Beyond the Boys’ Club: Brittney Slayes of Unleash the Archers

"Don't be afraid to speak up -- if you're a member of a band, you're not a hired gun"

Unleash the Archers Beyond the Boys Club
Unleash the Archers, photo by Shimon Karmel

    Beyond the Boys’ Club is a monthly column from journalist and radio host Anne Erickson, focusing on women in the heavy music genres, as they offer their perspectives on the music industry and discuss their personal experiences. This month’s piece features an interview with Brittney Slayes of Unleash the Archers.

    Canadian power-metal band Unleash the Archers present a hard-charging sound coupled with creative songwriting and storytelling. Early in their career, the band was often lumped into the symphonic metal genre, simply because they have a female vocalist, but they’re really straight-ahead power metal act, with vocalist Brittney Slayes roaring from song to song.

    Unleash the Archers recently released a new album, Abyss, featuring stunning guitars and Slayes’ powerful vocals. Slayes checked in with Heavy Consequence for the latest “Beyond the Boys’ Club” column to discuss the new album, her experience as a woman in metal music, and why she loves inspiring the next generation of female rockers. Read the full interview below.


    On the initial vision for Unleash the Archers’ new album, Abyss, and how it relates to 2017’s Apex

    When we sat down to write both Apex and Abyss back in 2016, I said to the boys, let’s do two albums with a story arc, like a concept record. They were like, “Yeah, sure.” Originally, we were going to try and do a two-disc release. But, just with a time crunch and things like that, and we didn’t want to rush the songs just so that we could put out a two-disc record, we didn’t. So, I had written the story for both albums at the same time. At first, we just focused on Apex and wrote everything for that. We saved a couple of riffs for Abyss, and in 2019, we sat down and didn’t play any shows or do anything and just took a bunch of time off and then I’m really focused on this album. The story changed a little bit, but for the most part, it still remained the same. I wanted the first album to be very grounded, kind of like a fantasy-themed album, and the second to be more celestial and like a science fiction-sounding record. So, I think that it all kind of came together just like I had hoped.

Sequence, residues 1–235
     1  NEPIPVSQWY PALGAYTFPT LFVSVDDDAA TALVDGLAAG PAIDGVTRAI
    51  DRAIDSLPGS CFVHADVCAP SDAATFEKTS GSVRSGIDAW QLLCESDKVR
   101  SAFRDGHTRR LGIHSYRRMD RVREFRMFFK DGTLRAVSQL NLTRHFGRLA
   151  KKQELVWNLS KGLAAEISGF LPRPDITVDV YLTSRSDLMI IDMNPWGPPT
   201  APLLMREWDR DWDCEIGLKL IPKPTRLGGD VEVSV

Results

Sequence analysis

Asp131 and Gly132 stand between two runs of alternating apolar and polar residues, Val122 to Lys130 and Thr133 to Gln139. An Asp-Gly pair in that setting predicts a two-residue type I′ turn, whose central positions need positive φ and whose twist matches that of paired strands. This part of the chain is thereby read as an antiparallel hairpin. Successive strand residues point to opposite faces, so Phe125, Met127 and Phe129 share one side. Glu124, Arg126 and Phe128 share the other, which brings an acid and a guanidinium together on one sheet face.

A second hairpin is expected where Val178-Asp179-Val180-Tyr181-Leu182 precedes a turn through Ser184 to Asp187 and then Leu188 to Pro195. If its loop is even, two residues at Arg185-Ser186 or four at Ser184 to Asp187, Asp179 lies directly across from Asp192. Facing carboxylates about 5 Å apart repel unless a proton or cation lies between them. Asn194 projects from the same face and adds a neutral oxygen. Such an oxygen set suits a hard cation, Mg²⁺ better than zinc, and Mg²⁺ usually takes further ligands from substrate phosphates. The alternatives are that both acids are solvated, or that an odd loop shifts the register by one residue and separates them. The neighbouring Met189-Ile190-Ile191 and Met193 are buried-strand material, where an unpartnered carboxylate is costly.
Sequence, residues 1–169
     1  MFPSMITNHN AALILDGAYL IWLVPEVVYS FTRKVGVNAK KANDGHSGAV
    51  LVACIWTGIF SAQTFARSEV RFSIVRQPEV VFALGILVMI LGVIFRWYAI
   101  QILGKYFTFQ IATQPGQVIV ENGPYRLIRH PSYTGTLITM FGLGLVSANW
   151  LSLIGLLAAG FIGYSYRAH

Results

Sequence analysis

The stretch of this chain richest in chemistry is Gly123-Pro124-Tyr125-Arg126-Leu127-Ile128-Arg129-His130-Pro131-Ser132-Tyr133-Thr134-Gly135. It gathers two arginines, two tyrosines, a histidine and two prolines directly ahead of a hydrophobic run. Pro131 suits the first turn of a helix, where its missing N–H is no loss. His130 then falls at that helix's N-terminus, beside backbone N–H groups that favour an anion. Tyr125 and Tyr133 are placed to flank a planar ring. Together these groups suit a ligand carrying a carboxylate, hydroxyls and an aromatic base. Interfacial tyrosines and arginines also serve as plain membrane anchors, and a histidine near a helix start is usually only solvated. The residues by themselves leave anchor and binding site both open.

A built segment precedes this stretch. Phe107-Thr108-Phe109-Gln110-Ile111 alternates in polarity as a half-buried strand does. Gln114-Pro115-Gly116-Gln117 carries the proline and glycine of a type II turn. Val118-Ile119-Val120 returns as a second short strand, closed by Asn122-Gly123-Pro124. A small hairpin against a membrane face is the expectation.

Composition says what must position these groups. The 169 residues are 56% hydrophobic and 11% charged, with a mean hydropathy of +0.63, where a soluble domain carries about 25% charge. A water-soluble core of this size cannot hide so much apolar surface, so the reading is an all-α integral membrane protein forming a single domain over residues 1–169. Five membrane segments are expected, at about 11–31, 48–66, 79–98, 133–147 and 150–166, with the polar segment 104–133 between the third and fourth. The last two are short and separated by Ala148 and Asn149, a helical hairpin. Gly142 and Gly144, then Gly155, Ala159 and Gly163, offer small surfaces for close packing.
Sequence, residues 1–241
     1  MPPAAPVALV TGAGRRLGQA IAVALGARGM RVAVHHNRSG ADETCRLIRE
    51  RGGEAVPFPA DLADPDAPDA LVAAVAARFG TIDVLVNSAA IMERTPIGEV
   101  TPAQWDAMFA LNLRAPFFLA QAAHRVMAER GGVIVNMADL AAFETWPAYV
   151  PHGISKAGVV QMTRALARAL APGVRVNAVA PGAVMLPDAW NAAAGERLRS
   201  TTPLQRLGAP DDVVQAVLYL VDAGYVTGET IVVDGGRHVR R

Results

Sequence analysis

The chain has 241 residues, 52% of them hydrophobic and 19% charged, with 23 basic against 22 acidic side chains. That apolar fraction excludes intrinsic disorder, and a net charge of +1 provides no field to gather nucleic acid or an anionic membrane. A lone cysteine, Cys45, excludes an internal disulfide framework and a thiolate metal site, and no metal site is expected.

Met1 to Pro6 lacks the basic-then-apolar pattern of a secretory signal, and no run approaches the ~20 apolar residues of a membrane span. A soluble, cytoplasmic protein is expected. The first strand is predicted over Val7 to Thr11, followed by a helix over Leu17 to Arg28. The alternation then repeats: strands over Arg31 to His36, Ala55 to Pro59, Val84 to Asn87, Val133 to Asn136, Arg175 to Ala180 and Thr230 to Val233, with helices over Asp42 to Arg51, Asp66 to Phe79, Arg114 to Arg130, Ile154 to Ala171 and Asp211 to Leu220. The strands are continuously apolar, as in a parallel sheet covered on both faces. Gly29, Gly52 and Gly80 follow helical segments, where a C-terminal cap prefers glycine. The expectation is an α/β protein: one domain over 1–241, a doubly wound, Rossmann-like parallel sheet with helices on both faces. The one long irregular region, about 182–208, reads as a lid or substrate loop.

On the genesis of the album’s title track, “Abyss”

    That riff that starts that song off was one of the ones that [guitarist] Andrew [Kingsley] came up with when we were writing Apex. The second I heard it, I was like, this is definitely an Abyss track. I knew I wanted it to the be title track. So, when we finally sat down to write that record, we started with that riff and kind of the whole record was born from it. I wrote it in such a way that it’s like an introduction to the album. We brought it back to where our main character — it’s sort of his awakening. It’s a song that you could hear before hearing the rest of the album, and it’s not going to spoil the story for you. It gives you an idea of the sound that is going to be on the album but still hearkens back to Apex a little bit in that more traditional power metal style. We also tried new things and experimented a bit with different genres in that song.

    On the experience of releasing a new album during the COVID-19 pandemic

    It certainly was intense. There was a lot of expectation. A lot of people were really excited for it, without much else going on. People were step-by-step following us along the way. Every time we would release anything or talk about anything or post teasers, our fans were very much right there with it. It was a really immersive kind of process actually. I’m not saying that people didn’t have things going on, but as you know, people were in lockdown and there wasn’t too much happening in terms of nightlife, so people had a lot of time to hang out with us and follow along.


    On whether Unleash the Archers plan to support Abyss with touring once it’s safe to do so

    We are booking tours and have dates in the works in North America and Europe for next fall. But, even that is looking shaky already, so I’m not too sure. We’re hoping that we’ll be able to get on the road in support of the album in 2021. We’ve got a whole bunch of festivals that we’ve reconfirmed that we were supposed to play this last summer, confirmed for next summer. But, it’s still looking pretty shaky. So, honestly, I’m not too sure. We have ideas for an EP, and I think we are going to just kind of start casually working on those, depending on how things go.